Lane ropes: These are the dividers used to set out the lanes in a pool. These are made of individual finned disks, strung on a cable, that turn on the cable when hit by a wave, dissipating the wave.
Lap counter: The large numbered cards (or the person turning the cards) used during the freestyle events 400 metres or longer. Counting is done from the starting end.
Land training: The exercises and various strength programmes swimmers do out of the water.
Licensed Meets: The ASA set out a series of requirements for clubs who want to hold swimming events under a License, for which there is a fee. There are 4 Levels, and all the times and results swum at a Licensed Meet will be registered and recorded with the ASA.
Long course: Events swum in a 50 metre swimming pool.
Masters: Swimmers aged 25 or over.
Medley relay: A relay where each swimmer swims a different stroke in the order – Back, Breast, Fly, Freestyle
NT: No Time. The abbreviation used on a heat sheet to designate that the swimmer has not swum that event before.
One start rule: If a swimmer starts before the gun/whistle/beeper, he or she is disqualified. This is the current ASA standard.
Open event: A race in which swimmers of any age may compete.
Open gala: A gala open to swimmers from any club, but usually of a specific age.
Over the top start: Swimmers from the last race remain in the water until the next race has started.
PB: Personal Best. The best time a swimmer has done so far in a particular stroke and distance.
Pull: A training drill in where you swim using your arms only. A pull buoy is often used to keep the swimmers legs together.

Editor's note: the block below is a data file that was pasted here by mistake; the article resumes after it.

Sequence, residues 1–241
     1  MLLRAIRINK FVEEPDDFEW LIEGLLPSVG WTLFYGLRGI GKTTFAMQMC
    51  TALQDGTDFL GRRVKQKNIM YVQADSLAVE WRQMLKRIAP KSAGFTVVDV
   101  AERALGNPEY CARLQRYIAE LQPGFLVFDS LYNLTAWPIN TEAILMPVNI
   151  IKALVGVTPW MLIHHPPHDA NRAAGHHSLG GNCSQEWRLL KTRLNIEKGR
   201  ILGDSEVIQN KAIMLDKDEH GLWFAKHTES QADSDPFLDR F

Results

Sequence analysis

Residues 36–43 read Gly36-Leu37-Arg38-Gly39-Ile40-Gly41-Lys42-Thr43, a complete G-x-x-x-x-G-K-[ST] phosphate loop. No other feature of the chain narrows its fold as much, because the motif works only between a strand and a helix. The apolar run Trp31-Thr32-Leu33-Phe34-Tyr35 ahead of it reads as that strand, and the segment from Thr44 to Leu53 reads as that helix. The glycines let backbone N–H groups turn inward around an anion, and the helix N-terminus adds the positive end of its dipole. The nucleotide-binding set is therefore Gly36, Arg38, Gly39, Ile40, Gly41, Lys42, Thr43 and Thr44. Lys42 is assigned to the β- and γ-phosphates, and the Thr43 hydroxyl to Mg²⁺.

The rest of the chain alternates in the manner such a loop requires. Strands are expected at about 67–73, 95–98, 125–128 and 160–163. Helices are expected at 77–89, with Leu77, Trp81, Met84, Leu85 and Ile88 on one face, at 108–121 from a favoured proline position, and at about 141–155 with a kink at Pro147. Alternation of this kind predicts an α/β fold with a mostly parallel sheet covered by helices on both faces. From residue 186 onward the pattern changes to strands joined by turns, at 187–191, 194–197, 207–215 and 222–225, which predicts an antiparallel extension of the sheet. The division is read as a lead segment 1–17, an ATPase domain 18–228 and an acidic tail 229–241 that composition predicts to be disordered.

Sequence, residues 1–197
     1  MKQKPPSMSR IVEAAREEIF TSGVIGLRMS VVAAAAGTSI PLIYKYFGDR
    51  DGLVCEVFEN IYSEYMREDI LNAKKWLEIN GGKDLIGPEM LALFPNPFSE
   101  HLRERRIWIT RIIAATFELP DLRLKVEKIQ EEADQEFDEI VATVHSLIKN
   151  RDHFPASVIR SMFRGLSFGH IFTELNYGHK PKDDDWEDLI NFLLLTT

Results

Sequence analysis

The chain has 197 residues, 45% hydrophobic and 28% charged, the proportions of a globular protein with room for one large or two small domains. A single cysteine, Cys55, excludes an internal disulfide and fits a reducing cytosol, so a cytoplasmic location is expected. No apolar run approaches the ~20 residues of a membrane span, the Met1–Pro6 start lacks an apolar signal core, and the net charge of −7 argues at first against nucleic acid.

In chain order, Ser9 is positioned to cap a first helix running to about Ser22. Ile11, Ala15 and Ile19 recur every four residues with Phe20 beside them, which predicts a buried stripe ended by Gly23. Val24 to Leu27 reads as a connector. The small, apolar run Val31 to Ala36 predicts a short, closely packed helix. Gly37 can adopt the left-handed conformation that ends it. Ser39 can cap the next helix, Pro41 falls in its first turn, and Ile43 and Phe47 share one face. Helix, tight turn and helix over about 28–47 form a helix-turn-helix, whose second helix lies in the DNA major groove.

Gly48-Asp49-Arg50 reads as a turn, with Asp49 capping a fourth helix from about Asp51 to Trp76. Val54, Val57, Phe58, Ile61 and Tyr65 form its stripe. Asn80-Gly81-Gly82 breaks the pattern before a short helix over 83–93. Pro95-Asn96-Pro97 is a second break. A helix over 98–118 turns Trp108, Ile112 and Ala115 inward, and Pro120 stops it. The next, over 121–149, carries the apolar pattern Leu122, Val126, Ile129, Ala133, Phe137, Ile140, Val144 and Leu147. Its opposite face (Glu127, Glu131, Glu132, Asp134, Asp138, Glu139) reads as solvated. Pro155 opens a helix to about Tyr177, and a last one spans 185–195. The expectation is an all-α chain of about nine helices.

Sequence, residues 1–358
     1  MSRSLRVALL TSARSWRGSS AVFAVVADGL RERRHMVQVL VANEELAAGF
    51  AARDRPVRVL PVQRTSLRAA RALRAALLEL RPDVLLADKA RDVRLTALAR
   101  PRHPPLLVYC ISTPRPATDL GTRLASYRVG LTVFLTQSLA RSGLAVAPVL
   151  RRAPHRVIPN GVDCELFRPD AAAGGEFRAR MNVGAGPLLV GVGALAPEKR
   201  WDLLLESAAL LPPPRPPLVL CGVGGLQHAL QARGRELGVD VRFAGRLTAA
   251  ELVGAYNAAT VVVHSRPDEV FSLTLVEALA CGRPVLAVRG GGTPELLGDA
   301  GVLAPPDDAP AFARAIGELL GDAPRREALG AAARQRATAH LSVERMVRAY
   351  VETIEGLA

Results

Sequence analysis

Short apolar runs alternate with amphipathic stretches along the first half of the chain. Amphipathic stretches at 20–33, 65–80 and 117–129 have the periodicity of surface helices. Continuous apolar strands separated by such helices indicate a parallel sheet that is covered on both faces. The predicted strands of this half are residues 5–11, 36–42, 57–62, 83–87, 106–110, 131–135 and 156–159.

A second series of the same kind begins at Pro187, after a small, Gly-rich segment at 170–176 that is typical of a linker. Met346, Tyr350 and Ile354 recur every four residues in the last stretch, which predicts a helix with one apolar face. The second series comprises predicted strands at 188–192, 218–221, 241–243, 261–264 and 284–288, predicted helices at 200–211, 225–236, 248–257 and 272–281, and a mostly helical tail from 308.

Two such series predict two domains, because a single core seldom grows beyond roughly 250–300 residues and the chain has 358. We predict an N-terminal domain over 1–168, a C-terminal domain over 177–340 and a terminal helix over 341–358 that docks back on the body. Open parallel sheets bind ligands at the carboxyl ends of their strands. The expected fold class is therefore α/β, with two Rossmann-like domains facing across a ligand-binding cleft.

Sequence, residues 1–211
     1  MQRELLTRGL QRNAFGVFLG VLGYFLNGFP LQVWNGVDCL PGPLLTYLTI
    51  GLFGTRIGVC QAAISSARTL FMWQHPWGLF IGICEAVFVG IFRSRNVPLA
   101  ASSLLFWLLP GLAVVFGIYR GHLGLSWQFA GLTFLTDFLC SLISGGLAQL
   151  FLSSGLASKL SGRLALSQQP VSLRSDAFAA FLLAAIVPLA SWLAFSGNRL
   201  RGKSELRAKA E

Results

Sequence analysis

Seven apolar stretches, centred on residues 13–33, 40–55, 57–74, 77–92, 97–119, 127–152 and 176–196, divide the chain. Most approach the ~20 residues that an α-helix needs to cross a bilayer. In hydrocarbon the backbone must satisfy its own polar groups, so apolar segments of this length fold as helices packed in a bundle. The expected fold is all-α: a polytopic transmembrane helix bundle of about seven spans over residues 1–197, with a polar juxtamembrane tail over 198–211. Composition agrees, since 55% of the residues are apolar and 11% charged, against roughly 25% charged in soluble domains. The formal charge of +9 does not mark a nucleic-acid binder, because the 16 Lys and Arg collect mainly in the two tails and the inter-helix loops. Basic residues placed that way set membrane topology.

Pull buoy: The keyhole shaped float that keeps your legs afloat in an arms only drill.
Qualifying times: A qualifying time is a time that is required in order to enter an event. There may be restrictions, such as an Upper Qualifying Limit or a Lower Qualifying Limit i.e. Times that are no faster or no slower than the ones set.
Referee: The head official at a meet.
Short course: Events swum in a 25 metre swimming pool.
Splits: The time at each 25/50m turn. Swimmers will monitor these to check how they paced a race.
Squadron relay: A freestyle relay of usually 10 swimmers in each team, arranged boy/girl in each age group, oldest last.
Swim down: A gentle set to relax the muscles after training or competition to reduce lactate build up, and reduce the heart rate.
Tumble turn: Used in freestyle and backstroke swimming. It is a somersault under water at the end of each length. It is quicker than a touch and go technique when mastered.
Unlicensed meet: A swimming event that does not have an ASA License. It is still a legitimate event, run under the rules & laws of the ASA, but the results and times will not be registered with the ASA, and therefore are not authentic qualifying times for County, Regional of National events.
Warm down: Used by the swimmer to rid the body of excess lactic acid generated during a race.
Warm up: The practice and loosening session a swimmer does before the meet start. It increases the blood flow to the muscles, reducing injury.
Whipping area: A room or area near the pool side for the swimmers to relax or gather before they compete in their heats.
Youth: This term is used to describe swimmers between 15-18 years.